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Palo Alto Networks devices are designed and built with security in mind but as with any network computing device it is important to avoid certain pitfalls when performing configuration tasks. Below are a few guidelines that will assist the administrator in ensuring that their Palo Alto Networks device is properly configured for secure operation. Change the default admin password before connecting firewall to any network. Enable admin profiles and groups to limit access to other administrators. Enable password profile to enforce tough passwords.  Change passwords on a regular scheduled base. Set up notifications for system and configuration log messages that indicate modifications of the firewall's operational parameters (these notifications can be sent via email, syslog and/or snmp traps) Set an SNMP community string that is not easy to guess and is preferably not shared by other network equipment. Only enable SNMP on internal interfaces that you need them on. Interface management profiles: do not enable ping, ssh, htttp/s, etc on firewall interfaces that don't require these service. Also note that the "response pages" may not be necessary on certain interfaces. These are the pages the firewall uses for URL filtering notification, virus block messages, SSL VPN and captive portal. Set up IP based access control on all interfaces that have management profiles. Obviously this includes the management interface, but also includes any other interfaces that have interface management profiles. Place the management interface into a management VLAN that limits access to authorized personnel. Do not turn on management profiles on interfaces that are accessed by non-authorized personnel. Monitor system and configuration logs on a regular bases to monitor for unauthorized login attempts or changes to configuration settings. owner: bpappas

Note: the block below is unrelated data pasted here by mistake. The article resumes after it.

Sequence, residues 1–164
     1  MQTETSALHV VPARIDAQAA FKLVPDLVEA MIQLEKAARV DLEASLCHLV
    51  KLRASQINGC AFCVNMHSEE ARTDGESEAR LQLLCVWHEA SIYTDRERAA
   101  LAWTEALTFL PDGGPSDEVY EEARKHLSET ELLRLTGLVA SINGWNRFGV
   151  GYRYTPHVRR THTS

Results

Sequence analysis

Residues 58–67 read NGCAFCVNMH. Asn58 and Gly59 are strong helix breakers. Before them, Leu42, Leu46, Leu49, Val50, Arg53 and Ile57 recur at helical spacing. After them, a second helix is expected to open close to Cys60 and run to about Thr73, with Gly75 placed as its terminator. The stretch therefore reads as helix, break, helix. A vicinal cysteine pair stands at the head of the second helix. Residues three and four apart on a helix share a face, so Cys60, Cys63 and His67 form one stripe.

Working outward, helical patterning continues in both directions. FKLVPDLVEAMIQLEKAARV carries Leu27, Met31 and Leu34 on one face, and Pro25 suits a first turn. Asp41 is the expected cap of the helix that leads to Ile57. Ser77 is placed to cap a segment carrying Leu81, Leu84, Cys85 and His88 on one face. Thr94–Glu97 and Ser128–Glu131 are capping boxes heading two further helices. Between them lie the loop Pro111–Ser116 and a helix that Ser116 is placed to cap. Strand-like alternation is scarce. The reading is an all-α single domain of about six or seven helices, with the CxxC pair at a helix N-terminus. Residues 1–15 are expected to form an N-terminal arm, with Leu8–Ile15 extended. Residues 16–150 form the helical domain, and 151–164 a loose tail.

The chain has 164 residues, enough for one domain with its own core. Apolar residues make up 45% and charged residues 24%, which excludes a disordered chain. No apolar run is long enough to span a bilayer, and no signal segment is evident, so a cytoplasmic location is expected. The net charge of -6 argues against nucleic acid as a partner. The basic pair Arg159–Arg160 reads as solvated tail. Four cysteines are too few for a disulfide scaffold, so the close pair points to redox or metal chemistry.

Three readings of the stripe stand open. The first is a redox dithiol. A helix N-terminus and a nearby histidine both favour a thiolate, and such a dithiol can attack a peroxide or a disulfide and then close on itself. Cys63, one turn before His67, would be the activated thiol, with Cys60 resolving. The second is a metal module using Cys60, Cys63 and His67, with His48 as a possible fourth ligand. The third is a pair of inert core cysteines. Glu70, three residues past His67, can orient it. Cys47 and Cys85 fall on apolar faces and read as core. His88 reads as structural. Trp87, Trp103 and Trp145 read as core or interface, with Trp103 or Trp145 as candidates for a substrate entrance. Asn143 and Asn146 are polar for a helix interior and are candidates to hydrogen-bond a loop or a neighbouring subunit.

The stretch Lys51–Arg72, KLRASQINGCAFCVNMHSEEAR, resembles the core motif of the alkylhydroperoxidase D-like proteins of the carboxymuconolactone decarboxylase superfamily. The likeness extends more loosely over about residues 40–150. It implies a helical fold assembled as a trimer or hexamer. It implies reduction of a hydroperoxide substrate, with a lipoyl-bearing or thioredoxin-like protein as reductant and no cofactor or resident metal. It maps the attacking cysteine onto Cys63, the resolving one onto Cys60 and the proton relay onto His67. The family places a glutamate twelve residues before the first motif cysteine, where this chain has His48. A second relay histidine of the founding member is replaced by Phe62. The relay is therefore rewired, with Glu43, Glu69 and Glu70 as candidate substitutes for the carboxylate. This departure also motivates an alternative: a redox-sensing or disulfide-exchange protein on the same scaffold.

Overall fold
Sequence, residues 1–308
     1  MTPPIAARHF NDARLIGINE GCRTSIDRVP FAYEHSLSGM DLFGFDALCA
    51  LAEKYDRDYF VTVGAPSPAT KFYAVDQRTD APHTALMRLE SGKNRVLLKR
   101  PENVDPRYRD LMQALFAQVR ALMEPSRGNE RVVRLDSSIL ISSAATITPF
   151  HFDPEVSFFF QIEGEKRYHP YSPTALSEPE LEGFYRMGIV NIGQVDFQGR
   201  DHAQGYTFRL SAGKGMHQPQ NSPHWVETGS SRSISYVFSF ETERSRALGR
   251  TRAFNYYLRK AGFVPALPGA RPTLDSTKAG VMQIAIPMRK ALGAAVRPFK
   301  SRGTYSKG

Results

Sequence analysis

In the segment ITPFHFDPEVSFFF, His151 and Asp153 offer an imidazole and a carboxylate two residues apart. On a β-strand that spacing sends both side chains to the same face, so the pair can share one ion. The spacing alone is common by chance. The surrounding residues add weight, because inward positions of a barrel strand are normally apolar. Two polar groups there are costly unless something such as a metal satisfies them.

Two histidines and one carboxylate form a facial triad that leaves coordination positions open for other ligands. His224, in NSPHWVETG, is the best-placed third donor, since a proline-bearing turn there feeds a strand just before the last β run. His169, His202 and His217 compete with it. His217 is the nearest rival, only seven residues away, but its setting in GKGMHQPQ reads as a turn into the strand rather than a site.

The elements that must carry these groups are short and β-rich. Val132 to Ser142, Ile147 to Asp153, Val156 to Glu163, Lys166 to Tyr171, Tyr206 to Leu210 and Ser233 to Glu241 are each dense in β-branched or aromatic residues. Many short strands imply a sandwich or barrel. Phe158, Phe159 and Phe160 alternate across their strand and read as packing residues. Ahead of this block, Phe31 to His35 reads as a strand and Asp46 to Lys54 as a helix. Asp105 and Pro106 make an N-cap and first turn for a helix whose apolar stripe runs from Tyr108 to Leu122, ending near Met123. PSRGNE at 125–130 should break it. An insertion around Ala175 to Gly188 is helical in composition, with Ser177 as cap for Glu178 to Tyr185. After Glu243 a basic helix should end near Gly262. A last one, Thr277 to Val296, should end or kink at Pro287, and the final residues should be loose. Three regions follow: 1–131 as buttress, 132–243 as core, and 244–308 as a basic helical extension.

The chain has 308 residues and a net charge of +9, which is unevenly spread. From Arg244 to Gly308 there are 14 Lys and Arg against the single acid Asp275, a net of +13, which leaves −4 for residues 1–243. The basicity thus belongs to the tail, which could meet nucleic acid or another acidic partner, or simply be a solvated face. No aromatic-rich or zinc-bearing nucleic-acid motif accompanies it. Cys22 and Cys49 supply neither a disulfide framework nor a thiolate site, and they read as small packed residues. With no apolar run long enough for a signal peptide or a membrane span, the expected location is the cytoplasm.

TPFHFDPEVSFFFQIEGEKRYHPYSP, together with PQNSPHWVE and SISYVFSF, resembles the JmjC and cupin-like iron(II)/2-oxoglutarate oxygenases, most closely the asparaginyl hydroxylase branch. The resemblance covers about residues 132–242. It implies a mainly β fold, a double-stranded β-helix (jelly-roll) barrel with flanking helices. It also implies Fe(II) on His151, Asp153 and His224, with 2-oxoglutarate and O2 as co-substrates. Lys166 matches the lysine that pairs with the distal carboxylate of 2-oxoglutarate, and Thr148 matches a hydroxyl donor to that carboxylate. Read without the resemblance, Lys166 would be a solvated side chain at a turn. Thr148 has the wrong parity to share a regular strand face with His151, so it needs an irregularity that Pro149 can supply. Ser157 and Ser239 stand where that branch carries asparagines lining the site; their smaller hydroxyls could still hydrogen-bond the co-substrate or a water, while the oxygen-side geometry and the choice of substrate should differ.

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nrice ‎03-24-2011 01:18 PM
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This document gives step-by-step instructions for configuring and testing full-mesh, multi-homed eBGP using Palo Alto Networks devices in both an Active/Passive and Active/Active scenario. The configuration examples were performed on devices running PAN-OS 4.0. For a similiar tech note on OSPF, look here: How to Configure OSPF owner: tlozano
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nrice ‎07-28-2010 10:56 AM
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Steps Create a management profile (Named MAN for this example, allowing SSH, HTTPS and Pings) >  Configure # set network profiles interface-management-profile man ssh yes # set network profiles interface-management-profile man https yes # set network profiles interface-management-profile man ping  yes Add interface management profile ”MAN” to an interface (L3 interface, ethernet 1/3 for this example): # set network interface ethernet ethernet1/3 layer3 interface-management-profile man # commit owner: panagent
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nrice ‎05-15-2010 05:20 PM